According to the press reports, Sadanand Gowda wants to pursue issues of dedicated freight corridors, dedicated coal circuits and increased and better facilities for passengers. But for doing all these, he needs to secure funds, some of which he may seek from the Coal Ministry. Or better still, he could seek to have joint ventures with the Coal India Ltd, which is flush with funds!
Meanwhile, he has no choice but to increase the revenues by higher fares and increased freight charges.
In the last fiscal, fuel costs have gone up by about 30% due to increased cost of diesel, lower indigenous coal supply and inadequate use of existing resources. In fact, in the last 60 years, Gowda has stated, Railways has not modernised, and his plans are likely to be revealed when presenting his budget.
The Indian Railways network covers 65,000kms route; carries 20 million passengers and 2.9 million tonnes of cargo every day. Their own electricity bill is expected to touch Rs10,880 crore this fiscal and the total fuel cost has shot up to Rs 28,471 crore. About 37% of the 65,000 kms route has now been electrified, and, as of now the Power Ministry has clarified that the Railways have a “deemed licensee status”, to transmit, distribute and trade power. Sadanand Gowda can buy power directly from surplus power producing states like MP, Gujarat, Odisha, Chhatisgarh and Haryana, at a slightly cheaper price than from discoms!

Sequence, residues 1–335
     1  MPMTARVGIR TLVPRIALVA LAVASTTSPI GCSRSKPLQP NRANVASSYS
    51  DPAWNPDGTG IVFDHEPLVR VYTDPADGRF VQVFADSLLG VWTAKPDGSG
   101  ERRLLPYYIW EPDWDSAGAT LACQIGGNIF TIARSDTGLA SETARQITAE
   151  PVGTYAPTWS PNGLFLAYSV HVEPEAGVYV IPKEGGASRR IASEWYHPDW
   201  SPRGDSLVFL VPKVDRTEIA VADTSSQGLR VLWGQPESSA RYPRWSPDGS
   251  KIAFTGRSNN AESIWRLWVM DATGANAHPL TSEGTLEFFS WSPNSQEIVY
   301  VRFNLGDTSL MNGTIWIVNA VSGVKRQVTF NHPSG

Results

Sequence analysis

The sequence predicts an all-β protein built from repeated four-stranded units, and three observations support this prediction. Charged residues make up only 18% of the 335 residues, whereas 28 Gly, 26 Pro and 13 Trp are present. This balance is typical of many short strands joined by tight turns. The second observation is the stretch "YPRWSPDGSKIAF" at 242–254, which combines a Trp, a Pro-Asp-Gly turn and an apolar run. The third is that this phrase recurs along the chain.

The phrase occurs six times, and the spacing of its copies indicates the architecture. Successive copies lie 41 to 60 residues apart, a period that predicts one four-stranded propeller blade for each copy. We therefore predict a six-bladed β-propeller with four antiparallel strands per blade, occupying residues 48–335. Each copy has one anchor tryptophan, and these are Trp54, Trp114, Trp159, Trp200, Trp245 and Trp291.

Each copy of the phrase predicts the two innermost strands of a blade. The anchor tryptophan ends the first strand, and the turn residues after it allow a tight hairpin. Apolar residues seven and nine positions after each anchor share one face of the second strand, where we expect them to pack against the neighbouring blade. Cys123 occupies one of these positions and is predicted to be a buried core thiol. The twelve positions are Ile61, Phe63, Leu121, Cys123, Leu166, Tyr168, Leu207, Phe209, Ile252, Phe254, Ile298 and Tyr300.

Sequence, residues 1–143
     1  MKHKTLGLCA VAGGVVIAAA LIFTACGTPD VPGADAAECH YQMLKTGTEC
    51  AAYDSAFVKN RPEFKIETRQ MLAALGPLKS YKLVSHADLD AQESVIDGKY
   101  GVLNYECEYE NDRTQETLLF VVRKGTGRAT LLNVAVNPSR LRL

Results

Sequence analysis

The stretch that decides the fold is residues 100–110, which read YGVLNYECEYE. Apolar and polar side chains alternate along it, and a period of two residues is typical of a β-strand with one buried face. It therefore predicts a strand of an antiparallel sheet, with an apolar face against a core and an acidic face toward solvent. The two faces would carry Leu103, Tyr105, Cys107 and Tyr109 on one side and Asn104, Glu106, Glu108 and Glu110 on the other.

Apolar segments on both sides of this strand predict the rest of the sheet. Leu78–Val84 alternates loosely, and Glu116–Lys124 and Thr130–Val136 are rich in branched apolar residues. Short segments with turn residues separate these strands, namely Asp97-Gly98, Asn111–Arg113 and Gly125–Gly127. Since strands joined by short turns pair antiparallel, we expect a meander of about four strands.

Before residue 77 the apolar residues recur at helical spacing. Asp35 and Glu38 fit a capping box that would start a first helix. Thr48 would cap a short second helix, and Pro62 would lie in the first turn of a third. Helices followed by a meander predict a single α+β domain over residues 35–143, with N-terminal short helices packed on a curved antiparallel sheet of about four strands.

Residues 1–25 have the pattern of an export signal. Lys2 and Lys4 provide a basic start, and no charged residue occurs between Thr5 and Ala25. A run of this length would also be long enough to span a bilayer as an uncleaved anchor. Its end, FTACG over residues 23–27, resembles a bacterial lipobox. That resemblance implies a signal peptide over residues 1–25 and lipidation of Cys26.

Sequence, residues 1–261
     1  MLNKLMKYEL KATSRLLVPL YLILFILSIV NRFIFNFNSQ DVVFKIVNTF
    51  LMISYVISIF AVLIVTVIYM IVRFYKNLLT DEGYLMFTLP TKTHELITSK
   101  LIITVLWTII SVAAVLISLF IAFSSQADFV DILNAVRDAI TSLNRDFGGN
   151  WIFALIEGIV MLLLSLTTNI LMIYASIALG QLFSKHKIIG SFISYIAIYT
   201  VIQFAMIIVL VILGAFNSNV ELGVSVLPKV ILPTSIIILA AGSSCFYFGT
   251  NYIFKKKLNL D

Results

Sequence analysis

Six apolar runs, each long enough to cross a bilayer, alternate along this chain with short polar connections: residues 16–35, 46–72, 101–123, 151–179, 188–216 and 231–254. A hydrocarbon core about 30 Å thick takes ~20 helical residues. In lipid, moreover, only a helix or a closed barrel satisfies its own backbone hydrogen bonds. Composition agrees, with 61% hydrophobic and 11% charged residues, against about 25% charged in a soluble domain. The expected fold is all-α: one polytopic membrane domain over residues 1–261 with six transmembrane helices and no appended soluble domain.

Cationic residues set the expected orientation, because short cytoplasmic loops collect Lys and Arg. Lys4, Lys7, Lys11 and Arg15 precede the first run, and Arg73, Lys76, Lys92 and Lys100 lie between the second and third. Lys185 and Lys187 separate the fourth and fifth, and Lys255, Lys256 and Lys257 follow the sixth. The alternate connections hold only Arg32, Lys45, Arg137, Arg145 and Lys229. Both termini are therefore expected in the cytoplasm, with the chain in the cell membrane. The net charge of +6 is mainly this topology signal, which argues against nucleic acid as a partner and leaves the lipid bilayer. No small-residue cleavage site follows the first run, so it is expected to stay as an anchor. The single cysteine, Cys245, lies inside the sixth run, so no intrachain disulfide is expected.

Is there anything else that the new minister Sadanand Gowda can do that can have far reaching implications for the Railways? Yes, here are some ideas that he can have his Research and Development (R&D) Team to work on. This is based on the press reports that typically a roof top 1kV system (solar power panel) would cost Rs1 lakh and the government provides certain subsidy for its citizens and industries. Railways would come under essential services and it possibly can get a better deal from the government. So, Sadanand Gowda can direct his team to:
- carry out a study and seek a manufacturer to design a roof-top solar panel (s) for passenger coaches
- design a modified version that can be fixed on closed luggage vans
- design a third version that would be fitted on the top of open wagons, such as those that carry coal, iron ore etc
- design the system to collect the solar power to be stored in a centralized battery, which could be removed at the end of the day and replaced by a new one; those fully charged batteries may be connected to a power grid for consumption
- and or design the panels in such a way that the power is routed to a central battery system, possibly installed in a bogey, that can be disconnected at given points enroute and replaced by a new bogey to collect power the next day when the railways move!
We must remember that all our moving railway passenger cars, luggage and open wagons could be utilised to generate solar power, as they are on the move, in the open, during the day. It is this solar power that we need to tap!
Or is this a pipe dream? The writer feels that solar power engineers could come out with some such feasibility, it would make a huge difference to the power starved country. Such an idea can be used on all moving vehicles like buses, tourist coaches etc
Sadanand Gowda would have no problem in getting such a mandate to experiment from the Prime Minister himself, who in Gujarat implemented the setting up of solar panels on the Narmada branch canal near Chandrasan village of Kadi taluka in Mehsana district.